Tuesday, March 1, 2011

Priyanka Chopra: do we really need role models like this?

When you think about it, Priyanka Chopra  gains from her association with green causes than the greens she says she's supporting

I have a drawer filled with newspaper clippings that frustrate me. I write about some, and some end up in the kabadi--there's just not enough time to do justice to all the outrageous things going on in the world these days.  I was sorting out those clippings the other day when I found this lovely piece in The Hindu about NDTV's "green ambassador," Priyanka Chopra. On behalf of NDTV and Toyota, Chopra was giving out cash awards and certificates to motivate green activists. This from the article:
Ms. Chopra said ever since she became a green ambassador, a number of netizens were actively following what she wrote and said.  “It feels great to be part of the campaign. For the past two years, Greenathon has been doing amazing things to protect our environment; it brought light to 150 villages. When we, as actors, get acknowledged with an award for our acting skills, then it motivates us to put our best foot forward. Similarly, when we would honour unsung heroes who are contributing in their own special way to make our plant environment-friendly it would encourage them to do more.”
I won't complain about anyone giving cash money to green activists, though I'm not convinced it will do much good. Cash money to fund green research, or subsidies to help farmers grow food more sustainably, would make more sense. Or maybe scholarships for students who have demonstrated an interest in green issues or technology. Most of us green activists do what we do because we understand that being green is in all of our long term interest; we don't need cash prizes to convince us.

What's more, if we environmentalists ever start relying on car companies or TV stations to provide the motivation or funding for our movement, then that will be a sad day indeed. TV stations and car companies are not the kind of organizations we can rely to support anything more than superficial change--they have too much riding on the current system. Obviously.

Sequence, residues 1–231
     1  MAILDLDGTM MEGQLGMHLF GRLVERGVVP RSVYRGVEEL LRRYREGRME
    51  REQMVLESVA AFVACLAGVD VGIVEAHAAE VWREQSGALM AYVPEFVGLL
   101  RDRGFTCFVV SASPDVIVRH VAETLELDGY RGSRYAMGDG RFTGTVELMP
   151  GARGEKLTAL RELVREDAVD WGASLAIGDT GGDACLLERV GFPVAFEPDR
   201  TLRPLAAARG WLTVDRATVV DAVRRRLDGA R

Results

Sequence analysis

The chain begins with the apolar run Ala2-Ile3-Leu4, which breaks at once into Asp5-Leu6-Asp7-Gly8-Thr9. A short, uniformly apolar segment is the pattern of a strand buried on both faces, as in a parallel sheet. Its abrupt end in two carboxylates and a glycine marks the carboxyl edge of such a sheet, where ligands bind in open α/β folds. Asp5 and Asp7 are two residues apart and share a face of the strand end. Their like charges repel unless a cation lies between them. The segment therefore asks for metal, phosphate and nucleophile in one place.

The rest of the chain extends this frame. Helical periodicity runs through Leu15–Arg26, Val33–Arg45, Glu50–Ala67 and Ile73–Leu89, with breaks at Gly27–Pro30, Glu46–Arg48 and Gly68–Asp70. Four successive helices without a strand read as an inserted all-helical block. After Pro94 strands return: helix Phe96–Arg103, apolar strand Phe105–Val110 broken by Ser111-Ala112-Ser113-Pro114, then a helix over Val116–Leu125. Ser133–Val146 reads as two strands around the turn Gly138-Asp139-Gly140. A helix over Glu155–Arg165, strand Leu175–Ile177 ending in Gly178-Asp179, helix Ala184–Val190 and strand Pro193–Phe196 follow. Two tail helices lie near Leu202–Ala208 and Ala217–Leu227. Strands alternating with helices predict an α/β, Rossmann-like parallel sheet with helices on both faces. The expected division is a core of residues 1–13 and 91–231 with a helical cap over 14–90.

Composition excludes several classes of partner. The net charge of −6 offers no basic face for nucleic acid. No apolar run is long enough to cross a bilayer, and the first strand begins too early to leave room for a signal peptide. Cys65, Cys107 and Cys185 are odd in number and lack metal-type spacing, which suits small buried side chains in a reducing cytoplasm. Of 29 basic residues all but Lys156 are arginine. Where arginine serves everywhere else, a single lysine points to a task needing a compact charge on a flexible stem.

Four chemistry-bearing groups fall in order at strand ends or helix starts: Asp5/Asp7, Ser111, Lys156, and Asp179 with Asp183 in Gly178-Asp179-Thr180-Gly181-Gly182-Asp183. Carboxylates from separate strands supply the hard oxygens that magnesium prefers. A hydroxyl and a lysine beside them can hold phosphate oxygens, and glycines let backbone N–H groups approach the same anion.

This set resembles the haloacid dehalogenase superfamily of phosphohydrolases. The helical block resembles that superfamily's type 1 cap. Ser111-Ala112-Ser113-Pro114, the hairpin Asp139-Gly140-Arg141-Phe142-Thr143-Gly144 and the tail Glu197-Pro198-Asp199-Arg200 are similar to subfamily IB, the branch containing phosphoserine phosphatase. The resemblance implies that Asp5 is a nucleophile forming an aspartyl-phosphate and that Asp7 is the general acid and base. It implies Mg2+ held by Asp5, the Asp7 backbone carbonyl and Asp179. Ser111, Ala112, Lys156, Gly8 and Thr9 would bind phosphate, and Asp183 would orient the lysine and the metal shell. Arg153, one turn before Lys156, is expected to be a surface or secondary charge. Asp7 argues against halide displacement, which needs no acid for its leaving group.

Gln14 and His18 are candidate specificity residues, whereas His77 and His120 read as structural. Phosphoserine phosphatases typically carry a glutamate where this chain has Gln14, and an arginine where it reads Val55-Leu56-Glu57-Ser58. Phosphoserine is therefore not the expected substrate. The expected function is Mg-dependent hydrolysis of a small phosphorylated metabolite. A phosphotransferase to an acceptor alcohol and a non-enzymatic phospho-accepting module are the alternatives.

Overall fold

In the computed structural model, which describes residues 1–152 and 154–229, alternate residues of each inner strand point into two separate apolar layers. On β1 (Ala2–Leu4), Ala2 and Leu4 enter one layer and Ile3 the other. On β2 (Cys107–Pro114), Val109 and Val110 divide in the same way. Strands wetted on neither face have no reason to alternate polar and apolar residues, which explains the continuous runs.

At least this tacky hanky is reusable...
As for Ms. Chopra, well she has a pretty face, she claims she pays her taxes, and my kids loved the Krish, so I don't feel I should be too hard on her. After all, the article in The Hindu that I quoted above also says she is against killing tigers. In fact, she's even against litter:
[Ms. Chopra] said the film fraternity in Mumbai had also become environment-conscious. Earlier, film crew used to litter the sets with plastic mugs and napkins but now they dumped it in a big bag that went for recycling...“This is a cause that is close to my heart. My colleagues with whom I hang out also share my concern for doing our bit to save our planet from ecological degradation. 
But when all is said and done, being against tiger killing and litter does not qualify one to be a 'green ambassador.' And I say that not only because I hate the phrase 'brand ambassador.'  
The problem is that even while she is being called a 'green ambassador', Priyanka Chopra is serving as the poster girl for unsustainable overconsumption. It's not just Samsung and Levis--Indian Express has called Ms. Chopra the "'Face' of a million products," stating that she represents, "practically every second FMCG [Fast Moving Consumer Goods] product!" 

But Ms. Chopra is not just advertising overconsumption; she is practicing it! In the wake of the recent income tax raids on her flats, she was quoted in the Times of India as saying:
Also, it was said that I have ten flats. These are all accounted for flats and I am very proud that I bought these from my hard-earned money. I am very proud that I started so young and that at my age, I can afford so much with my hard work. And it's all accounted for – all my homes, five of which I am currently living in...
I could go on, but I don't think it's necessary. The green movement doesn't need role models like Priyanka Chopra. But it's not surprising she feels like she needs us. After all, it takes a lot of greenwash to cover 10 flats!


  1. Thats a very perceptive comment hari. reminds me of the time NBA got used by Aamir Khan, after which he returned to pushing coke

  2. Revathi Siva KumarMarch 3, 2011 at 4:19 PM

    While Green activists do not need a Priyanka, she is after all the target overconsumer---if you will---of their drives. So it doesn't hurt that she at least preaches to others of her ilk what activists want her to practice---even if she doesn't.

  3. @bamboosong--interesting parallel. I was very disappointed when that happened.
    @Revathi, Thanks for stopping by. I think the issue you raise is interesting and complex. I certainly don't think we want to hold artists, performers etc. to unrealistically high standards. We should welcome their support when they give it. But I wonder--is it more problematic when we put them center stage even when their actions run counter to their words? Do we send a confusing message about what it means to be green when we do that? Something to think about...

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